SeaVee Boats had an 18-month backlog before closing for the month of April. The company had just moved into a 220,000-square-foot building and kept its 305 full- and part-time employees on full pay during the shutdown. “Employees are the heart of our business. We make an investment in them, and everyone is excited to be coming back to work,” says Ariel Pared, SeaVee partner. As of this writing, the company had not received Paycheck Protection Program funding. It is adding a production line and plans to hire at least 50 more people.
SeaVee sells its boats factory-direct with a 20 percent refundable deposit. The normal cancellation rate is about 5 percent. It doubled after the shutdown, but all other orders are reportedly holding, and at least 15 more boats have been sold since. “The preowned market blew up,” Pared says, noting that there has been similar resiliency in the RV market. “Instead of spending … on a vacation, that money will go into boats and RVs — a good way to socially distance.”
Reef Runner Boats has kept five full-time workers in its 10,000-square-foot complex. There have been slow days, owner and CEO Donna Milo says, but the staff has built six boats, including a commercial crab boat. Invincible had to “remind” law enforcement that hers was a legally operating essential business, and she cited problems with parts and accessory supply lines, as well as with tech support. Tyvek suits and face masks, in particular, have been in tight supply.
But customer demand remains strong. After using social media to announce a new 28-foot center console, the builder had 40 inquiries. The staff has met with customers while wearing facial protection.
“My people have been doing this for 30 years or more. They are older, and they are worried about maintaining their jobs and taking care of their families,” she says, adding that she expects normal events such as boat shows to return. “I do not think the industry will be [all] virtual. If we don’t do boat shows, the industry as a whole will suffer greatly.”
Roscioli Yachting Center and Roscioli Donzi never closed. “The boat industry is resilient — it’s something you can’t kill,” Bob Roscioli says. The company had no layoffs, is emphasizing social distancing, and has its cafeteria open so workers stay on the premises. “We’re blessed. We have so much work it’s incredible,” he says. “We need trade help in every category — plumbers, carpenters, electricians, everything.”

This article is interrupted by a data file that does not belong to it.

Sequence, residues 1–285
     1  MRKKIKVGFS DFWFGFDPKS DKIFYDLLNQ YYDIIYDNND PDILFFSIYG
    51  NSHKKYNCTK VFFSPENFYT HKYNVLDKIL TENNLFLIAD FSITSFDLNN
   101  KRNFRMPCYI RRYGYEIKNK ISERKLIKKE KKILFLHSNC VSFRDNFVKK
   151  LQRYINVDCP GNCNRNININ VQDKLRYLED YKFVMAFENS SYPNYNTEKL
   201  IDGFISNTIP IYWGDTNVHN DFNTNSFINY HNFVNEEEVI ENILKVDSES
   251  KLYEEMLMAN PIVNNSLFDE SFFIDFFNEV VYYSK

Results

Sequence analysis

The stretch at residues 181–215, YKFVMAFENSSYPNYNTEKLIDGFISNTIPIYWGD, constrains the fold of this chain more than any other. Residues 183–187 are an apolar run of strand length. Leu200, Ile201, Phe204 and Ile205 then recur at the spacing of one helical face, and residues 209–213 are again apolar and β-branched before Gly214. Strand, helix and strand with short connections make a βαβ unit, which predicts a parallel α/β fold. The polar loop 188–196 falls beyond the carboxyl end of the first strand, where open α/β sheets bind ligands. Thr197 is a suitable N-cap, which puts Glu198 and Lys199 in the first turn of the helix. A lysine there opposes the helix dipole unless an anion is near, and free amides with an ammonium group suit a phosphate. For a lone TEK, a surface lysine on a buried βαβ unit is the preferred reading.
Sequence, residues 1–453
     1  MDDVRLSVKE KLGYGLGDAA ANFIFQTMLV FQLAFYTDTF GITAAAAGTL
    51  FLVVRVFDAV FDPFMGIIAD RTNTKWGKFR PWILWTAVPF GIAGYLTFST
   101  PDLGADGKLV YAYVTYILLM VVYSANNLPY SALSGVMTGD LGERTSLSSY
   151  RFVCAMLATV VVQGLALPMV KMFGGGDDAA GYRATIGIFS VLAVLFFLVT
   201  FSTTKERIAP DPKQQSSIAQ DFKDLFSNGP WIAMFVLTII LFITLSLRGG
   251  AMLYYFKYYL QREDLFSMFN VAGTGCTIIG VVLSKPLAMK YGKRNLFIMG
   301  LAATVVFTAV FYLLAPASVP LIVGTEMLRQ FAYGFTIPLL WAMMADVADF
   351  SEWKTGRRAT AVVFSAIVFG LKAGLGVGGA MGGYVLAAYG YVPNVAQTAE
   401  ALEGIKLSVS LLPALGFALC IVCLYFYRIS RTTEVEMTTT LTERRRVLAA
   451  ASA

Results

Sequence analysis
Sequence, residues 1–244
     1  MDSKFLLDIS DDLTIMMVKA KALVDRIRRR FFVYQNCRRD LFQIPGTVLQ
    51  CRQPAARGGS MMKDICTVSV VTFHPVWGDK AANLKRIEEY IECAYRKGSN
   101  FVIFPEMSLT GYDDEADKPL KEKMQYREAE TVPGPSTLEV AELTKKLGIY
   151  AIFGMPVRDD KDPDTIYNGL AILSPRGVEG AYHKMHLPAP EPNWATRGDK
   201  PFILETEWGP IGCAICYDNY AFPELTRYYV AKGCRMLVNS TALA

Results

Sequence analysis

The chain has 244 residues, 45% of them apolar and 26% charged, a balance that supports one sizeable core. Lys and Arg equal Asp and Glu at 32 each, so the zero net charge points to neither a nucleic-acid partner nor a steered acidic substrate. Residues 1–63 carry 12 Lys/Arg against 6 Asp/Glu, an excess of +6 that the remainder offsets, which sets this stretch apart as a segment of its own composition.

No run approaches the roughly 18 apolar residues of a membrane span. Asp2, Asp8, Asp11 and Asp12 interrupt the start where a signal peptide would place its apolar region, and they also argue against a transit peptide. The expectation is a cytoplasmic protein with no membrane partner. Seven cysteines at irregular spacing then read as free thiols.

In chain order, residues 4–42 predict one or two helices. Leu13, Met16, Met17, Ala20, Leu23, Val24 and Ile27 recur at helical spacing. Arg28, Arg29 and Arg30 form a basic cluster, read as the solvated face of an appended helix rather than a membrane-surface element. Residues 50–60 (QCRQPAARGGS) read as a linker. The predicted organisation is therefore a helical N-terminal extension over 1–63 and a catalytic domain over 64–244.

He also says many yachts that are stuck in the islands or cannot get fuel are calling ahead for work to be done this summer. He’s hoping to be back at in-person boat shows this fall, instead of using virtual sales tools. “Shows are very expensive, but I’d rather meet someone personally. It’s more productive,” he says.
Chris-Craft temporarily suspended production in March and resumed April 13. The company paid all employees for two of the four weeks of the shutdown, then brought people back gradually. “We couldn’t just suddenly bring everyone back, but we wanted to finish boats that were almost done,” president and CEO Steve Heese says. “Everything was sold. No customers walked away, and people expected their boats.”
The builder, like others, has experienced supply-chain problems, especially with imported parts and New York vendors that were closed. Figuring out staffing took some time. “We didn’t want to start and have to stop again,” Heese says. “There was no telling how long the government [mandates] would go on. We had to figure out what we can get and what we can do with it. We think we can improve on the operations as we go along, but safety is job number one.”
Chris-Craft is taking employees’ temperatures at entry and requiring face masks and other personal protective equipment. As of early May, about half the staff was back at work, with 100 percent scheduled to return within eight weeks. “In general, people want to get back — they want to get up and do something — even though unemployment is paying them. We haven’t lost anybody,” he says, adding, “customers are very understanding. We’re all in the same storm.”
This article originally appeared in the June 2020 issue.